It is hard to recapture, to describe adequately, the overwhelming shock that came with key movie events [...] like Marker's Sunless (1983), Wim Wenders' The State of Things (1982), Godard's Passion (1982), Chantal Akerman's Toute une nuit (1982), and Raul Ruiz's Hypothesis of the Stolen Painting (1978). Suddenly here were the films playing right outside the maps of 70s' theory: free, lyrical, tender, poetic films, but also tough, savage, cruel, perverse, sometimes violent; films that were open diagrams, unashamed to link up raw fragments of human (or humanist) experience with the most severe or expansive kinds of experiments with form.
[...] Later, my love for an open cinema, for the ideal of a truly open, inclusive and above all impure cinema form, came to be crystallized in my personal discoveries of Cassavetes and Garrel – the single screenings in my hometown of Melbourne of Love Streams (1984) in 1985 and Les Baisers de Secours (Emergency Kisses, 1989) in 1994 count as primal scenes in my cinephile life. Cassavetes and Garrel stand for one sort of extreme that I love and cherish in cinema: a kind of arte povera fixed on the minute fluctuations of intimate life, on the effervescence of mood and emotion, and the instability of all lived meaning. A cinema which is a kind of documentary event where the energies of bodily performance, of gesture and utterance and movement, collide willy-nilly, in ways not always foreseen or proscribed, with the dynamic, formal, figurative work of shooting, framing, cutting, sound recording. A cinema open to the energies and intensities of life – and perpetually transformed by them.
I have always sought such life-affirming, life-enhancing energies and intensities from cinema, but I’m aware that the energies that I like, the energies which feed me, do not come in just one form, from one stream. The arte povera of Cassavetes and Garrel gives me a quiet, clear, minimalist intensity. But I get a different kind of energy, no less necessary for the soul's survival, from a completely commercial kind of cinema, a cinema of spectacle decried still today by so many of even a slightly Situationist bent. I mean a kind of pop cinema that includes De Palma's Mission: Impossible (1996), Tim Burton's movies, Joe Dante's Gremlins 2 (1990) – kinetic, sometimes cartoonish, extremely artificial and technologically mutated movies with no small claim on the cinematic language of tomorrow. I have cultivated my own particular, somewhat minor taste (in the sense of Deleuze and Guattari's notion of a troublesome, minor literature) within the halls of contemporary pop cinema – a taste for teen movies, from Ferris Bueller's Day Off (1986) to Romy and Michele's High School Reunion (1997), films completely comprised of pop quotes, clichés and stereotypes, but blessed with the will and the inventiveness to animate these tokens, to combine and revive and spin them at dizzy rate.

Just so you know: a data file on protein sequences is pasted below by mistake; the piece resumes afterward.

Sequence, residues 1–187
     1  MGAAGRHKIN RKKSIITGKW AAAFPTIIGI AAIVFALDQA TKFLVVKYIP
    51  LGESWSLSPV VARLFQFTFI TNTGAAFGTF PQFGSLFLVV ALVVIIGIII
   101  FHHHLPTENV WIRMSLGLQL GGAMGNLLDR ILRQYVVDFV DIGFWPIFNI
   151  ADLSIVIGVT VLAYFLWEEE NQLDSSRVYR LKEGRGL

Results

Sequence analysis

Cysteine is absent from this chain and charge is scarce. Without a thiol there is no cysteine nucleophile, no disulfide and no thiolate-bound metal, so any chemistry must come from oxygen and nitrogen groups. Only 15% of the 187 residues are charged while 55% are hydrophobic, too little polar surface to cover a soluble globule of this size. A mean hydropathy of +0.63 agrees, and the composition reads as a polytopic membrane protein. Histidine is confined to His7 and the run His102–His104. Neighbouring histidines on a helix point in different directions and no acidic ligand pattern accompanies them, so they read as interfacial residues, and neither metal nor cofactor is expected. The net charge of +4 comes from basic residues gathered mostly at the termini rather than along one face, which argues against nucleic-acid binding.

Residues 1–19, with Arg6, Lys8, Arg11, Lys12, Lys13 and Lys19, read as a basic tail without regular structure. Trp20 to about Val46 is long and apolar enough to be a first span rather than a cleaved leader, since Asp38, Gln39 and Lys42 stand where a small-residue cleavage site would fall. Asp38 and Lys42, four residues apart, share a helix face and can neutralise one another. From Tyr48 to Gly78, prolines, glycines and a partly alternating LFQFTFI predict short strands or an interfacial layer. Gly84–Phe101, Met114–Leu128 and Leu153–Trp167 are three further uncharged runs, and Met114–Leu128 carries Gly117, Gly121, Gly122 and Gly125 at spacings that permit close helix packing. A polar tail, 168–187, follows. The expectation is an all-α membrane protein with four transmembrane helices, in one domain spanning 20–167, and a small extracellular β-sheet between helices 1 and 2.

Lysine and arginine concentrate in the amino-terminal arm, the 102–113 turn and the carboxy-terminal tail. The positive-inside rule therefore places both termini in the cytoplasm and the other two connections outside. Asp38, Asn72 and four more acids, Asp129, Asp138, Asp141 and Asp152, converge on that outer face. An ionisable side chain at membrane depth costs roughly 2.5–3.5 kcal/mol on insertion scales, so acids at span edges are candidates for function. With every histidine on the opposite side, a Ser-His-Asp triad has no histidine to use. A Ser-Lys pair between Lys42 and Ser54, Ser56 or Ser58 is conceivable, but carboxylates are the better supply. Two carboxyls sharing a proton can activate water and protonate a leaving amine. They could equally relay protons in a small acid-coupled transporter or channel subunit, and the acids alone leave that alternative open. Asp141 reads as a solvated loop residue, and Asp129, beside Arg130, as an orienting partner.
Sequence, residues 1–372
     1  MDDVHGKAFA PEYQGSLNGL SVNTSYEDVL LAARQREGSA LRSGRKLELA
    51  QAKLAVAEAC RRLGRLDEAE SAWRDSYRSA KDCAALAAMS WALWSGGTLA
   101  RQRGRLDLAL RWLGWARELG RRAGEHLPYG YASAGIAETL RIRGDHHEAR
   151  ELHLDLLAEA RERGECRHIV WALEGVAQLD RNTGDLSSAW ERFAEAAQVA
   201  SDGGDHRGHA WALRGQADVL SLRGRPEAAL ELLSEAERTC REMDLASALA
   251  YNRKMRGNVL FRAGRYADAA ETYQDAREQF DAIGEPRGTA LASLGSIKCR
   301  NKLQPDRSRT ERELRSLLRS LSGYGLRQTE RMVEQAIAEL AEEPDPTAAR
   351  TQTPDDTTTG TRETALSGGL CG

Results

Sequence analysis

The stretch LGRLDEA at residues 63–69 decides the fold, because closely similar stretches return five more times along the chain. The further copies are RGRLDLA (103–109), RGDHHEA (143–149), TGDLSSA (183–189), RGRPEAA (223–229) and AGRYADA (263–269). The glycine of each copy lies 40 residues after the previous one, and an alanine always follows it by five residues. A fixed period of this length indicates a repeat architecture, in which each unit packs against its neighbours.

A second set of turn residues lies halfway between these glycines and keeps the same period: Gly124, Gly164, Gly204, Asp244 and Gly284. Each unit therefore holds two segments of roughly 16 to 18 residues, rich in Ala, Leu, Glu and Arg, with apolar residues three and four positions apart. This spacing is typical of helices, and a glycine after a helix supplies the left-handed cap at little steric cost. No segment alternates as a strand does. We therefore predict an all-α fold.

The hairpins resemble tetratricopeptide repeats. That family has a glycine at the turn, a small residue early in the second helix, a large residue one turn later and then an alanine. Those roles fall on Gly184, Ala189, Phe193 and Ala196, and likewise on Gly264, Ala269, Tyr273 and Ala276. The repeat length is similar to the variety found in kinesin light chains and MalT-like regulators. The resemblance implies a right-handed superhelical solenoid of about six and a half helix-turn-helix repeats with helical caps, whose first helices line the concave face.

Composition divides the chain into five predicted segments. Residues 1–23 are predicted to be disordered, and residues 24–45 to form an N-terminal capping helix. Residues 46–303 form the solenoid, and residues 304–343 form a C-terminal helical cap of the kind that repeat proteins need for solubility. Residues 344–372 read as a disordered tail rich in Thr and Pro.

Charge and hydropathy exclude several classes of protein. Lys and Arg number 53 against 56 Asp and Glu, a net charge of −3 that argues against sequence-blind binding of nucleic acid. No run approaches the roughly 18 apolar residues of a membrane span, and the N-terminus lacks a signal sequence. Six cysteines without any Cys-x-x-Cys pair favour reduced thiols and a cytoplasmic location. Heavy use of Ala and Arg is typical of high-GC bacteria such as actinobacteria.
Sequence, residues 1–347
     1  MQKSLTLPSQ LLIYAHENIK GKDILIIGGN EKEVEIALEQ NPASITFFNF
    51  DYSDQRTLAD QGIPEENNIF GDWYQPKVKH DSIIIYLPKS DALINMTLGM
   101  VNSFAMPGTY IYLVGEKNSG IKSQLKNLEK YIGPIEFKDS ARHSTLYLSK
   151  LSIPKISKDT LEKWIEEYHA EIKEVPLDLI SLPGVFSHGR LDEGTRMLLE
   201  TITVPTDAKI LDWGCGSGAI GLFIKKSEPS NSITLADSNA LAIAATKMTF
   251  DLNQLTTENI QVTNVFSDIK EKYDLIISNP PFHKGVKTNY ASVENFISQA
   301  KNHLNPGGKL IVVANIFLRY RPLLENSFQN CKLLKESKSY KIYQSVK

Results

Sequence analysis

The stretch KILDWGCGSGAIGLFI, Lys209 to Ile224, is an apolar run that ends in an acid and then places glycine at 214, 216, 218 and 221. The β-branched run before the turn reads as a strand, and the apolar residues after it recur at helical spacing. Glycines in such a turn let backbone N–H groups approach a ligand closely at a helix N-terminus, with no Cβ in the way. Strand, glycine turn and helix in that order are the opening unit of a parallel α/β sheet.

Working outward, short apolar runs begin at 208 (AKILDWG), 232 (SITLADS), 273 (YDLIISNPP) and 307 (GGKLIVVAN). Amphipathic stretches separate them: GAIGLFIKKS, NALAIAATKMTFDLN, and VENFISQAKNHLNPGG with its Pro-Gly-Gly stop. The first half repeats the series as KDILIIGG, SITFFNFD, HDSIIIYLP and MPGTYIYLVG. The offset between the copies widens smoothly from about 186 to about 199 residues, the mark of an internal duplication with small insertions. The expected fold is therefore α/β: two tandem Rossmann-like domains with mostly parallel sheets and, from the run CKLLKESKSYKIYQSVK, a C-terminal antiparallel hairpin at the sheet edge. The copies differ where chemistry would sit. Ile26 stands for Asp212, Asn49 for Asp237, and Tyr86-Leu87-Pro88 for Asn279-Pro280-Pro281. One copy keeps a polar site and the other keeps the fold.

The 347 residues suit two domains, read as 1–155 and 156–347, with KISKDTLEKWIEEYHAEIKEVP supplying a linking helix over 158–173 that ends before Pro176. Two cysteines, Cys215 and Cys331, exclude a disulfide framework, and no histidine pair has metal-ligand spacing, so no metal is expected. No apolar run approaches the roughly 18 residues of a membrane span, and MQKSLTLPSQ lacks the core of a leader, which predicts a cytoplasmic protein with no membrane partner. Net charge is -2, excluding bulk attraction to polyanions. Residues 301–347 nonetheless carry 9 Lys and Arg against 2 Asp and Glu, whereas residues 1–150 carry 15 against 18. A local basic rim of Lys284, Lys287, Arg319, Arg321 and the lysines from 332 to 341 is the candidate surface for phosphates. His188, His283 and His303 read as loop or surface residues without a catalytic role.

[...] There is a recourse to the high moral ground – and to a certain lamentable purism – in a lot of film criticism today, even some of the most advanced. We read or hear far too often that there are only half a dozen directors working today who fulfill – or might one day fulfill, if we’re all lucky – the potential, the promise of this dazzling medium. We keep getting familiar-looking canons of the greatest Top 100 titles worth preserving, even as we pretend to have gotten beyond all canons, hierarchies and evaluations. We keep looking for the authentic personal voice in film, the true lone poet, the accursed seer and the discarded rebel, decades after the movies let us know that even the sleaziest, most ideologically compromised fantasies of Blake Edwards are also – and who can doubt it? – beautiful, moving, lucidly autobiographical testaments.
[...] I like the sentiment of Deleuze’s casual prefatory remark in Cinema 1: The Movement-Image: ‘The cinema is always as perfect as it can be'. Meaning that its potentiality, its virtuality is, in some ways, right here now – if we know where to look for it, how to maximize it, why it matters, and how to make it dance, for us and in us, like Rouch's privileged, shamanic figure of the dancing Socrates.